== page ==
Ports for both cruise ships and freighters will be covered by the outlay. For cargo, improvements will include upgrades to obsolete inspection facilities and a plan to standardize data-sharing requirements up and down the supply chain (among shippers, port operators, railways, truckers, warehouses, and cargo owners). That, in turn, will make it easier, and hopefully less costly, for all businesses, including hotels and restaurants, to get their supplies.
Investment: $66 billion
Types of projects covered: new rolling stock, ADA compliance in stations and on trains, recommissioning of 160 stations to restore service in communities that lost it, new food and beverage choices, more
"Today, about a quarter of Amtrak’s service is disabled. We have people all over the country who are isolated because they have no other options," said Jim Mathews of the Rail Passengers Association. "This bill will help with that."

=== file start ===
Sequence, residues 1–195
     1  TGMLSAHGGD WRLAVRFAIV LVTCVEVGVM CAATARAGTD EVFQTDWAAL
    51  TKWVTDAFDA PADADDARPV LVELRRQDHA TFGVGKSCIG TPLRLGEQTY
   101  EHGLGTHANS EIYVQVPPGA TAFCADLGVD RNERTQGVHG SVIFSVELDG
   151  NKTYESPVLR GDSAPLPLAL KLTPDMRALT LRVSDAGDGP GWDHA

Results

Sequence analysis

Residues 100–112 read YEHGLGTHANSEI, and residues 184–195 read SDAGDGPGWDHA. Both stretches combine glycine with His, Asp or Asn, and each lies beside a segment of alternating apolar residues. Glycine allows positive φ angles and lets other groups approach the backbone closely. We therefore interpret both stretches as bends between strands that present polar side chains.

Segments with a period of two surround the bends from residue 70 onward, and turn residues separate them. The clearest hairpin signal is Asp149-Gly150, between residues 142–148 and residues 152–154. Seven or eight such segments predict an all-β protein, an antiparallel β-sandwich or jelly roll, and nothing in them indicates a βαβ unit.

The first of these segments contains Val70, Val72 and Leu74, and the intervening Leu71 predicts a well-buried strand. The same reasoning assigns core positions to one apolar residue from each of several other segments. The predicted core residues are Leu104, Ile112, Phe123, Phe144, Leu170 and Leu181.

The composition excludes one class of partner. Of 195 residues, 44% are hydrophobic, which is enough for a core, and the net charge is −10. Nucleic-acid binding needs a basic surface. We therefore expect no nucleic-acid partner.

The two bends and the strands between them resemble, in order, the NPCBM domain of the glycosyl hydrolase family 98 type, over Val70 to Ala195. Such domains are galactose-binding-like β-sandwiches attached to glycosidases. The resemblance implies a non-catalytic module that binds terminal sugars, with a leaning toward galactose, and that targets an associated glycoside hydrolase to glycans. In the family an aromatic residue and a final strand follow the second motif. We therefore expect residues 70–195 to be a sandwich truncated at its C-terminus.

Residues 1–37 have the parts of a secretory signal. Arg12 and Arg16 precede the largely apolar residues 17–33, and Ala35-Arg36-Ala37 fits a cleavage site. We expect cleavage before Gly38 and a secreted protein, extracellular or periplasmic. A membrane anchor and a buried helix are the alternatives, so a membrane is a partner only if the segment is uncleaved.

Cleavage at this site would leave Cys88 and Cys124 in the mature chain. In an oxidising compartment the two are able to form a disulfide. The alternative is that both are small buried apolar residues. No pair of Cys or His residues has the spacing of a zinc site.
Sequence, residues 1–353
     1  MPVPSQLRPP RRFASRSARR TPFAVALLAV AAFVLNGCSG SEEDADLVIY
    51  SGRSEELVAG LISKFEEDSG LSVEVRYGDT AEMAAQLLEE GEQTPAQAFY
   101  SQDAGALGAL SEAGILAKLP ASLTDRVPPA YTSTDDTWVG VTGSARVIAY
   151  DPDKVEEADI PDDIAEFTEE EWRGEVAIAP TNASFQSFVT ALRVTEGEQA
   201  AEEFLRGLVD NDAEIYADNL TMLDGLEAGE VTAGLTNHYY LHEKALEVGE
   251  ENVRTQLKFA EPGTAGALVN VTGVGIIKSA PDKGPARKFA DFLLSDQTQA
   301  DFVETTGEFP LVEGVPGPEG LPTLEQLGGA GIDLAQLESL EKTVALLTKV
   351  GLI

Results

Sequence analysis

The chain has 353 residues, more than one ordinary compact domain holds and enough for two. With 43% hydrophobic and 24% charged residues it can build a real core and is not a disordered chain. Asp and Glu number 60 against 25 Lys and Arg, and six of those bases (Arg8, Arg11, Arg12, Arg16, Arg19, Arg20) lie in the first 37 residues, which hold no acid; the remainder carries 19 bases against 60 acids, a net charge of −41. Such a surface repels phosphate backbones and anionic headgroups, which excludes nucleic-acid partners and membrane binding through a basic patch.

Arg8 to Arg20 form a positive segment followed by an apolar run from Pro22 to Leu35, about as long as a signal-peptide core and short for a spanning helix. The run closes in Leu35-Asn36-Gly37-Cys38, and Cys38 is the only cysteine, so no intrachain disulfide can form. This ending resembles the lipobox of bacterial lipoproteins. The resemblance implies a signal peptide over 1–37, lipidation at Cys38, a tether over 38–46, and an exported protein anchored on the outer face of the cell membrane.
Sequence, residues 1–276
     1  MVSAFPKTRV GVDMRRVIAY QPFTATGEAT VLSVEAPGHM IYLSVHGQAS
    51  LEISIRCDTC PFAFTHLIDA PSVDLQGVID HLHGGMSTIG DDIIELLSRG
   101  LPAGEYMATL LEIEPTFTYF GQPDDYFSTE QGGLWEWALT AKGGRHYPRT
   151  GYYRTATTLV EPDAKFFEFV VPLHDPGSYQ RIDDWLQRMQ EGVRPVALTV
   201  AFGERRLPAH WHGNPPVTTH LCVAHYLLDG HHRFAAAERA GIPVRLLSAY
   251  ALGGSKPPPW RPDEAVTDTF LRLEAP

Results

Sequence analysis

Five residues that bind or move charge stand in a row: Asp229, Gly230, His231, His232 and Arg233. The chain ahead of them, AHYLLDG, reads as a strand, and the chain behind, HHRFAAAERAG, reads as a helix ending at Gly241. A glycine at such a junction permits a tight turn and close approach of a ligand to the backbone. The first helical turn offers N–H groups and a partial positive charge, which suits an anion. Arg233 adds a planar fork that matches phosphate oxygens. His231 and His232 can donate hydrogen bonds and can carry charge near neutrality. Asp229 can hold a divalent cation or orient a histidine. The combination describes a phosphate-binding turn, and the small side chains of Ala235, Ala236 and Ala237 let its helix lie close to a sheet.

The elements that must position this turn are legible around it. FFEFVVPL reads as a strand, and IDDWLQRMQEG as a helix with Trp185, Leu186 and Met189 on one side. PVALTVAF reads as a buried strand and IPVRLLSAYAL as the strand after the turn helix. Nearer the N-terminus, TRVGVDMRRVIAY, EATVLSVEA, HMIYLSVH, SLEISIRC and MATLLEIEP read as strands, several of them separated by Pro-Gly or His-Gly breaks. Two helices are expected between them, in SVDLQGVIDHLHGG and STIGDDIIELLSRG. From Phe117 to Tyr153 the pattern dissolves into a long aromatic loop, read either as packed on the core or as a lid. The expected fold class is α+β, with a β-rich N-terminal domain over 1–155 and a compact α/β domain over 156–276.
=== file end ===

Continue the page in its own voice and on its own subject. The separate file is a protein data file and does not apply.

Mathews said that the bill also enables the purchase of new locomotives, which will help the U.S. rail system run in a more timely fashion. New coaches and sleeping cars will translate to more pleasant rides, including for people with disabilities, who will have long-neglected needs addressed in the design for these new facilities.
High-speed rail will be introduced into the Northeast Corridor, shaving half an hour off railway trips between New York and both Boston and Washington, D.C. Even Amtrak's website and app will become more user-friendly, according to Mathews.
"We need better rail transportation because it’s the cleanest, safest, most efficient way to move lots of people around the country, especially in places that are not readily served by flights," said Mathews.
It's hard to argue with that.
Investment: $39 billion
Types of projects covered: buses and urban and commuter rail
"[The legislation] will allow transit authorities to whittle down a huge backlog of unfunded projects," said Michael J. Schipper, deputy general manager of engineering and project management for the Greater Cleveland Regional Transit Authority.